The Broadway Theatre

The Weather Station

7:30 PM / Broadway Theatre

“Most people are afraid of the dark…Many adults fear, above all, the darkness that is the unknown, the unseeable, the obscure. And yet the night in which distinctions and definitions cannot be readily made is the same night in which love is made, in which things merge, change, become enchanted, aroused, impregnated, possessed, released, renewed.” - Rebecca Solnit

Ignorance, the new album by the The Weather Station, begins enigmatically; a hissing hi hat, a stuttering drum beat. A full minute passes before the entry of Tamara Lindeman’s voice, gentle, conversational, intoning; “I never believed in the robber”. A jagged music builds, with stabbing strings, saxophone, and several layers of percussion, and the song undulates through five minutes of growing tension, seesawing between just two chords. Once again, Toronto songwriter Tamara Lindeman has remade what The Weather Station sounds like; once again, she has used the occasion of a new record to create a new sonic landscape, tailor-made to express an emotional idea. Ignorance, Lindeman’s debut for Mississippi label Fat Possum Records, is sensuous, ravishing, as hi fi a record as Lindeman has ever made, breaking into pure pop at moments, at others a dense wilderness of notes; a deeply rhythmic, deeply painful record that feels more urgent, more clear than her work ever has.

On the cover, Lindeman lays in the woods, wearing a hand made suit covered in mirrors. She was struck by the compulsion to build a mirror suit on tour one summer, assembling it in a hotel room in PEI and at a friend’s place in Halifax. “I used to be an actor, now I’m a performer” she says. In those roles, she points out, she often finds herself to be the subject of projection, reflecting back the ideas and emotions of others. On the album, she sings of trying to wear the world as a kind of ill fitting, torn garment, dangerously cold; “it does not keep me warm / I cannot ever seem to fasten it” and of walking the streets in it, so disguised, so exposed. Photographed by visual artist Jeff Bierk in midday, the cover purposefully calls to mind Renaissance paintings; with rich blacks and deep colour, and an incongruous blue sky glimpsed through the trees.

Ignorance is deeply emotional, the lyrics roiling with conflict. “Separated” enumerates an acidic series of miscommunications; “separated by the relief you want to feel / separated by the belief this cut can heal”, and “Trust” describes a divorce, whether literal or metaphysical. On “Indifference” a song Lindeman almost cut from the record several times, because “it felt too vulnerable”, she sings of love, and softness: “my dumb touch / is always reaching / for green for soft / for yielding.” The album sounds profoundly personal; but Lindeman waves off personal questions as to the subject matter of the album. She prefers instead to talk about the planet. The album was written in winter of 2019 and recorded that spring (COVID-19 delays are the reason why we are only hearing it now, in 2021). “The deepest emotional experience I had that winter” Lindeman explains, “was reading the IPCC special report on 1.5 degrees”. She’s serious; though she notes that “nobody believes me when I say that.” She attributes that to a failure of imagination, a lack of belief culturally that a relationship to the world can be as profound, as emotional, as a relationship to another person. “The songs function on a cosmic and personal level” she says, “it’s always been that way for me”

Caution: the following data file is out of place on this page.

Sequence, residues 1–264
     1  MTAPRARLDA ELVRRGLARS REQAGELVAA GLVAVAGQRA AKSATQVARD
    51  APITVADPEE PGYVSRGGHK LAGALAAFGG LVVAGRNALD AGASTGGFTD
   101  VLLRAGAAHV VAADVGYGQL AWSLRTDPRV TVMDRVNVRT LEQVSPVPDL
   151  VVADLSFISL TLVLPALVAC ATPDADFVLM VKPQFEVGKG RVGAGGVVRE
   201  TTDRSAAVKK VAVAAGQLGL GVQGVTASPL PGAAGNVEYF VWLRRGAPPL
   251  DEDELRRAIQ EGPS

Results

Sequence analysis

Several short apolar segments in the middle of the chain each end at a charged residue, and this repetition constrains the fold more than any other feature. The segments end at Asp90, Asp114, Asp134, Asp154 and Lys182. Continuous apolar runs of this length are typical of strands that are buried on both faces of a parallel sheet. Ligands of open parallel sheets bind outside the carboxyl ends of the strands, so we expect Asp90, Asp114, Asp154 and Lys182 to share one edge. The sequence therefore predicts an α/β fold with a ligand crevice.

The title of the album, Ignorance, feels confrontational, calling to mind perhaps willful ignorance, but Lindeman insists she meant it in a different context. In 1915 Virginia Woolfe wrote: “the future is dark, which is the best thing a future can be, I think.” Written amidst the brutal first world war, the darkness of the future connoted for Woolfe a not knowing, which by definition holds a sliver of hope; the possibility for something, somewhere, to change. In French, the verb ignorer connotes a humble, unashamed not knowing, and it is this ignorance Lindeman refers to here; the blank space at an intersection of hope and despair, a darkness that does not have to be dark.


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